Edward Burra

It’s completely inexplicable to me that one of the greatest British painters of the Twentieth Century is all but unknown to Americans. Perhaps it has something to do with the fact that he worked in watercolor rather than in oil paint. Given the ridiculousness of the art world’s value judgements it wouldn’t be surprising.

I’ve only once seen a Burra in the States when John Elderfield included a watercolor owned by MoMA in a drawing show he curated. This was probably a couple decades ago.

To begin with, here are some quotes from Jane Stevenson’s Edward Burra: Twentieth Century Eye.

As far as Burra was concerned, it was only painting that mattered. He gave his life to creating artworks of extraordinary authenticity and originality… Painting was the way he kept his nightmares at bay; the only reason why he didn’t drink himself into the grave at the double.

Burra: “I don’t know what all this personality has to do with it exactly but I suppose you have to have that…. You must have personalities.”
Interviewer: “Do you think that’s wrong?”
Burra: “I don’t know whether it’s wrong. But I was never really interested.”

The process by which experience and emotion turn into marks on paper is one which the painter him or herself cannot describe in words. Burra was no more able to answer a question such as “but what is it about?” than any other painter of his time–when Melvyn Bragg asked it of Francis Bacon, the latter said, “You tell me”; when John Rothenstein, who was writing a book on Burra at the time, asked it of his subject, he said, “Bring a pyschiatrist and we’ll find out.

Burra was an observer, not a voyeur.

One important new friend Burra made in the 60s was Francis Bacon…. They had a good deal in common…. indifferent to comfort, painting as if their lives depended on it in a compost of junk and pinned-up postcards. Both were thoroughly uncompromising artists with a shared indifference to the fate of their paintings once these were complete. Burra was even more extreme in this regard than Bacon, who would at least attend important exhibitions of his own.

This is a small watercolor based on Jon Death, the Conrad Aiken poem. Aiken and Burra were friends who often traveled together.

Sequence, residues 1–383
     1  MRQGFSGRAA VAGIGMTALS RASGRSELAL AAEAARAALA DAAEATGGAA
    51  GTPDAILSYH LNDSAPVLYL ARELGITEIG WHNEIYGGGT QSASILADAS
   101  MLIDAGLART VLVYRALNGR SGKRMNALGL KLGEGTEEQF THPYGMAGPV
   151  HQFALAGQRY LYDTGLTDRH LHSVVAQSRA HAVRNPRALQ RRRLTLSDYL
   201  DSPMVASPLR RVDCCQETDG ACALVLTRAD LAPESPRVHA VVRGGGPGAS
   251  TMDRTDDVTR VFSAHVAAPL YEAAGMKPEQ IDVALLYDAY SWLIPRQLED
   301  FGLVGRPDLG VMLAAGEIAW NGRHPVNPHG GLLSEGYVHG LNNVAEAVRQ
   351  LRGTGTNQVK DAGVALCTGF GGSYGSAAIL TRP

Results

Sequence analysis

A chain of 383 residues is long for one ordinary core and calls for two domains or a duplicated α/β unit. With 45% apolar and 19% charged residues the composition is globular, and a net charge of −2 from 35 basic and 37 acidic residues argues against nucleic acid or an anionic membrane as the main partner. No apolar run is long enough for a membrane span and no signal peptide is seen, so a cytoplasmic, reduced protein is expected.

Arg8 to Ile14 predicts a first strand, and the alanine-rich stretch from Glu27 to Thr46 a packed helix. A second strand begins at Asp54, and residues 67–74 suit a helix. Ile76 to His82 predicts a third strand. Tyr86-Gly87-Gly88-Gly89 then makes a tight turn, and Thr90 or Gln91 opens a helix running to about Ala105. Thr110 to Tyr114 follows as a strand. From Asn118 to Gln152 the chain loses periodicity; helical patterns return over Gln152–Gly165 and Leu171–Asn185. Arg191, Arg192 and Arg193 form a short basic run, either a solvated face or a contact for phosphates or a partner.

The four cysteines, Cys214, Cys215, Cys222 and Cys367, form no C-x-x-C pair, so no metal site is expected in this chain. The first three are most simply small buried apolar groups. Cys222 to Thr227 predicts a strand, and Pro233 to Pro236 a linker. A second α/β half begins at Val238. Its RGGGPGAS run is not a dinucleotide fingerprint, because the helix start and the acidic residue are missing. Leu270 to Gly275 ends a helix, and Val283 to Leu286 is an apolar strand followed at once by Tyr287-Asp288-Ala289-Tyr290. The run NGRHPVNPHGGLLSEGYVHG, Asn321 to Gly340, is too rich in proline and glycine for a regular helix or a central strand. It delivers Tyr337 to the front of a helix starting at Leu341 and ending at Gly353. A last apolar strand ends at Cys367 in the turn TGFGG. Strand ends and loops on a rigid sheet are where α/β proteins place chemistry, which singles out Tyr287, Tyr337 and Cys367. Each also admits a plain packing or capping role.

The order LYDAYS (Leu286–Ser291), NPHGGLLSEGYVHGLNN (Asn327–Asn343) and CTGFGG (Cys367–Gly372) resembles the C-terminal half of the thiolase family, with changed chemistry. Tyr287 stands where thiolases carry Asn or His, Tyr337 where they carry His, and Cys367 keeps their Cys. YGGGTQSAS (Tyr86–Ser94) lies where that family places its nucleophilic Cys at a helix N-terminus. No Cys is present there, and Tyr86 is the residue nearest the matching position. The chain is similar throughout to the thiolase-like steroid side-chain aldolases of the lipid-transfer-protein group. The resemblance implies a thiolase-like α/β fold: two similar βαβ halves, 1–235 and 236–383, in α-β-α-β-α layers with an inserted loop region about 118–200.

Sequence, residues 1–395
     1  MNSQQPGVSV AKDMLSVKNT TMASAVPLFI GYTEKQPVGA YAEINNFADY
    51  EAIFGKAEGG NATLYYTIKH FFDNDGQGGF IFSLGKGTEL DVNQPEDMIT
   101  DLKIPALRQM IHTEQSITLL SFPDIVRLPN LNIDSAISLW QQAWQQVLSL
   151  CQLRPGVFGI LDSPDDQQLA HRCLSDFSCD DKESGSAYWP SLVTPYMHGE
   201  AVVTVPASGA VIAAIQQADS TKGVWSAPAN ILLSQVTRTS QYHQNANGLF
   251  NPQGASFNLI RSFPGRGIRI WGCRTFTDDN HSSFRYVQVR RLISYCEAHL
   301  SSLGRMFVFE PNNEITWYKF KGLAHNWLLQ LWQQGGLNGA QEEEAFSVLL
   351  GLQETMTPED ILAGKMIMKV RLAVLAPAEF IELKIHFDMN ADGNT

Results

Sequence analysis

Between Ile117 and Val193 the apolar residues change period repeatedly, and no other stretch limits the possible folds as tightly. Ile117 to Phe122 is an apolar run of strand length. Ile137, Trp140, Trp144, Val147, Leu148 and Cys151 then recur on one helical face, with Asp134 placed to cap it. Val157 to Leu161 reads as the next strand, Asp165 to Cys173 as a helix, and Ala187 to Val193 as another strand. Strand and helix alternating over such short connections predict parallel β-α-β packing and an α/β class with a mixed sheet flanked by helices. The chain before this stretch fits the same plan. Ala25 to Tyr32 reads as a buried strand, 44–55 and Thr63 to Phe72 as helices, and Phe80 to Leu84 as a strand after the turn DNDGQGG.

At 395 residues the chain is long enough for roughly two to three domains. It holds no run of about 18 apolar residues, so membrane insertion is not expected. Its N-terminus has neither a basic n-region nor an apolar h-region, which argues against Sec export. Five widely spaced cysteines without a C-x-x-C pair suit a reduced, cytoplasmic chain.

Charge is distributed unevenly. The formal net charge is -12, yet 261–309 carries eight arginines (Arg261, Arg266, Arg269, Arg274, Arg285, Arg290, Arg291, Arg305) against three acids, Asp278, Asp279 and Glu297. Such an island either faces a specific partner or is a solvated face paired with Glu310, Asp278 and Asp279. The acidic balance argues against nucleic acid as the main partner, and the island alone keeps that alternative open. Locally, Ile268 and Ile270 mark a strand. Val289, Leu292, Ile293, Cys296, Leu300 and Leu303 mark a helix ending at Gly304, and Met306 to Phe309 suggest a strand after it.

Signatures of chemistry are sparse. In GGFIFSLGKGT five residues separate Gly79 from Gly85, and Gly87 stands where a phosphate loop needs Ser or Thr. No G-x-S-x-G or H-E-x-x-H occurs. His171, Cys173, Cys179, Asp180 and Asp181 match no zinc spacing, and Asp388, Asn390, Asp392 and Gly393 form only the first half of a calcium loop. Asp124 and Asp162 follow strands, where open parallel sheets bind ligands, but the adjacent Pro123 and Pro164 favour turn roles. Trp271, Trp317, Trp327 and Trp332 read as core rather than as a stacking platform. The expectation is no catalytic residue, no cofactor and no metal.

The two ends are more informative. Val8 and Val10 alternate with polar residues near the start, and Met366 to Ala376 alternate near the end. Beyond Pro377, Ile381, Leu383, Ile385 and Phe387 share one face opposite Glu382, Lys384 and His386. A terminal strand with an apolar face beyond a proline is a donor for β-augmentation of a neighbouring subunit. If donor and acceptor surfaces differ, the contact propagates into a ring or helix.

Below are some of Burra’s works influenced by his stay in Mexico. He stayed with the great novelist Malcolm Lowry in 1937 in Cuernavaca, where Lowry was working on his masterpiece Under the Volcano. The Dancing Skeletons were painted after visiting Spain, prior to his Mexico journey. Burra traveled through Spain with Aiken and Lowry. Burra witnessed the Spanish Civil War there and he has a number of great paintings that depict his visions of it. I’ll try to find those.

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10 Responses to Edward Burra

  1. Steve says:

    Bart…I’d love to see any one of these Burra paintings in person, but especially “Jon Death”, which you say is a small work. If it really is small, one would need to get nose-to-nose with it in order to see what’s really going on,…it’s very intricate. I don’t know how he painted, but in my mind’s eye I see him working at a table with the painting flat, leaning over the painting with a small brush, engrossed, lost in what he’s doing and going to do. A man keeping vigil, maintaining connections and making sure they don’t get away. No wonder he said: ” Tell them I’m busy.” He couldn’t stop for nonsense. Death is in each of these paintings, like in Ingmar Bergman’s film The Seventh Seal where death is a powerful visible player in the lives of every “personality.” But Burra gives it a strange new twist: Death as a drunk. Still powerful, but caught up in the delirium. Inexorable predictable death is scary , but debauched unreliable death is even scarier, capable of making a terrible mistake.

  2. johnk823 says:

    Death drawings and paintings have been around for a long time it seems. Guess we all have to deal with it at some point in time. The above pictures surely each have their own depictions.

    A couple I have always liked were done by Tiepolo. One being a drawing- “Death giving audience” in the National Gallery of Art, Rosenwell Collection and a painting- “St. Tecla interceding for plague-stricken Este which is an alterpiece, that almost gives you the feeling of being there and smelling the stench of death.

    It is very interesting, throughout the years how death has been depicted by various artists and the different messages that go along with those depictions. I’m just about finished with my Christ on the Cross painting and it carries its own message as well.

    I think death should be happy and joyful, if one has tried to live a full and as sinless life as possible. It is the final step which brings us closer to the Lord. Of course for some that may not necessarilly be the final stepping stone they will have to cross. I wonder?

  3. trueoutsider says: